In New Orleans, the city hosted multiple planning processes, which led to significant planning fatigue among community members already suffering trauma from the storm and destruction of their homes. Furthermore, many of the planning processes were not effective due to timing, ineffective community engagement or a lack of clear delineation of recovery funding resources.  As a result, some neighborhoods organized and formed community groups for the first time, often in opposition to a plan or perceived plan. The strong network of neighborhood groups is one positive legacy of an often divisive planning process. In my work, our charrettes were the most effective when we partnered directly with existing community groups, such as in the neighborhood of Gentilly. 

In addition, when I reflect back on planning immediately post-Katrina, climate was not a major part of the debate, at least in the projects I participated in. While investment in improved infrastructure and the levee system was a key focus for planning processes, there was little discussion about the likelihood of increasingly frequent and intense storms, and not much strategy about using nature-based solutions for flood mitigation. In the time since Katrina, New Orleans has become a leading city for resilience planning and resilient infrastructure, piloting projects such as the Resilience District funded by the National Disaster Resilience Competition and releasing one of the country’s first Resilience Plans. I think this progress offers much for other cities to learn from.

Q: You also bring experience working in planning internationally, in the UK and Germany. Are there any international projects which might inform your work at SGA?

In the UK, I worked on the planning and development strategy for large-scale, mixed-use developments and campus plans, including several large-scale projects governed by form based codes. It has been fantastic to follow these projects’ progress from afar and to see lively pedestrian-oriented streets, farmers markets and public spaces come to life after so much time spent in masterplan development and planning documentation. In the UK, while the planning process is slower than in the US, I was intrigued to see how local governments take a leading role in determining the allocation of new housing.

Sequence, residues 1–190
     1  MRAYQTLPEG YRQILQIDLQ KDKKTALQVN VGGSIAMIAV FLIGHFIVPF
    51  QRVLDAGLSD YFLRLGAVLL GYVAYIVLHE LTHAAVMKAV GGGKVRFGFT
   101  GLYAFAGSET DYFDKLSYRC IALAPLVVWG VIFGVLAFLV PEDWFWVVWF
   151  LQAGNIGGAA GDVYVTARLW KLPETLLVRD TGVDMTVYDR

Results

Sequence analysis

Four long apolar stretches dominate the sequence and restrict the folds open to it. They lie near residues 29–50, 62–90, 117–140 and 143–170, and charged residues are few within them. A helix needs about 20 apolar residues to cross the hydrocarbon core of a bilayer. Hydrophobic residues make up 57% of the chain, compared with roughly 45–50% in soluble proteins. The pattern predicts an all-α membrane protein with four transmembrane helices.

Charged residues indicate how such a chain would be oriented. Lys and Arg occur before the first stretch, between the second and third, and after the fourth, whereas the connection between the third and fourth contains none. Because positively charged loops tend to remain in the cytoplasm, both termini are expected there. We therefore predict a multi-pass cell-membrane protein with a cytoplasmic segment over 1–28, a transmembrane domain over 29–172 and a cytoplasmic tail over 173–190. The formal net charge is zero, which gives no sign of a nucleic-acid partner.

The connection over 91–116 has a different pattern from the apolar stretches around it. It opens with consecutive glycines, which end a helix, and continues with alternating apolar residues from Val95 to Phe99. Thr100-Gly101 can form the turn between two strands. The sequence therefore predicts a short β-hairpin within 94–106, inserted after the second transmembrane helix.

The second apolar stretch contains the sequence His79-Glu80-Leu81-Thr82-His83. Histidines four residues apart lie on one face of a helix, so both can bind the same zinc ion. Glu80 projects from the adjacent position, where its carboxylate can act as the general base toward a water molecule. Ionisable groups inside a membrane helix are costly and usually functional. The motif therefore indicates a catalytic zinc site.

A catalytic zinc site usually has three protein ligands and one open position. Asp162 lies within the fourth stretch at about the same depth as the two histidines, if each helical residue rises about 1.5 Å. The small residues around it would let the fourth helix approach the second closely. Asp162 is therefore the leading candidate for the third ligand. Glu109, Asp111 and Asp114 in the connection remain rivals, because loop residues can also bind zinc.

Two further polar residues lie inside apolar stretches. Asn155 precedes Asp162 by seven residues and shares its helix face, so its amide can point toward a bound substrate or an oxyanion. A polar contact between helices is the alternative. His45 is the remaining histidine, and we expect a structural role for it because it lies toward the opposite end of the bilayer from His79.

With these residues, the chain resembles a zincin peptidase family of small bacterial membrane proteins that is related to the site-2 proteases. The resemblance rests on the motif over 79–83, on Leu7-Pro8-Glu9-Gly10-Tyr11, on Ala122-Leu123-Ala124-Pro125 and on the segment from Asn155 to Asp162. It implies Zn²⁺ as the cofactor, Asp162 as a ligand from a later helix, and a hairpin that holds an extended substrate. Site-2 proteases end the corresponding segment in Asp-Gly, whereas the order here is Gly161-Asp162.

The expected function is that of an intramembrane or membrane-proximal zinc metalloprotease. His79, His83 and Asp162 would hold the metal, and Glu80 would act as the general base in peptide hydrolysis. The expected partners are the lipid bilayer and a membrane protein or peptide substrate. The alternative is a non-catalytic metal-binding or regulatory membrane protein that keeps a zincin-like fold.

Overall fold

In Germany, I gained exposure to innovative sustainability and community engagement processes, as well as the history of redevelopment after the Berlin Wall came down, through a job placement at the City of Berlin as a Bosch Fellow. I was intrigued to discover many innovative community engagement processes for public projects—I’ll never forget a “sound walk” around Alexanderplatz, in which an artist led community members around the public spaces to experience the past, current and future sound landscape with headphones. While I enjoyed getting a sense of the very different policy landscape and public procurement process for design projects, it is individual experiences like this which come to mind the most brightly. 

Photo at right: Community gardens and recreational spaces in Tempelhofer Feld in Berlin in September 2014, the site of Berlin’s former inner-city airport. Photo by Katharine Burgess.

I am excited to continue to advance innovative approaches for the built environment and the delivery of sustainable, equitable places through my new role at SGA.